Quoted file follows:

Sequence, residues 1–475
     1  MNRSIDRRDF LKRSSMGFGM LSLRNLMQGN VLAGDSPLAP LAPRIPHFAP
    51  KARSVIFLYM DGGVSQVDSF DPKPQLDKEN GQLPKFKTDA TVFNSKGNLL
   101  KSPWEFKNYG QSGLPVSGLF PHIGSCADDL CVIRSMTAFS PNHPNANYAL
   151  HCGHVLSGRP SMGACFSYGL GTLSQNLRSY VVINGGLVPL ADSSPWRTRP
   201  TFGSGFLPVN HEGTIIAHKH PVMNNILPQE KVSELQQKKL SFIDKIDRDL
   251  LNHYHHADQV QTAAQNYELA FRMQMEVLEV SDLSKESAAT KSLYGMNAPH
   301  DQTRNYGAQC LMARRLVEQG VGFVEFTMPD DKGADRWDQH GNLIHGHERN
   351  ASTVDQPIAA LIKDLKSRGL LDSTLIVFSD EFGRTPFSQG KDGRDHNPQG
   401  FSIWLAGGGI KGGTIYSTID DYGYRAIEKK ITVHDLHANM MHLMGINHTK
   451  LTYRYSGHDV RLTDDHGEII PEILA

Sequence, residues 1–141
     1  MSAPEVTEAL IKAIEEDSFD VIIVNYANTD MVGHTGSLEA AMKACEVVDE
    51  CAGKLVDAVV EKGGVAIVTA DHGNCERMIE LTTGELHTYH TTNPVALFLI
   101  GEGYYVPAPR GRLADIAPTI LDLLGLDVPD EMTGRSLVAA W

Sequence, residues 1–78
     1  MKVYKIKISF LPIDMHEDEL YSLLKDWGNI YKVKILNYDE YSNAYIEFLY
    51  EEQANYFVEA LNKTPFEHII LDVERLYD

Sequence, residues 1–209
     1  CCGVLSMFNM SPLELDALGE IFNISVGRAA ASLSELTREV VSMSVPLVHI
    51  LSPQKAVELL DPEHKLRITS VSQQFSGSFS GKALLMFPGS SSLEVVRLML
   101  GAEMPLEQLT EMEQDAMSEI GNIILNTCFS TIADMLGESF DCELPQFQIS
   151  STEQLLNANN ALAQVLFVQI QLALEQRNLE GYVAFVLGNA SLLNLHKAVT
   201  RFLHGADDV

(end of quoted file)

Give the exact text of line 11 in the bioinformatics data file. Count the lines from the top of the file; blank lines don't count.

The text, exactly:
   451  LTYRYSGHDV RLTDDHGEII PEILA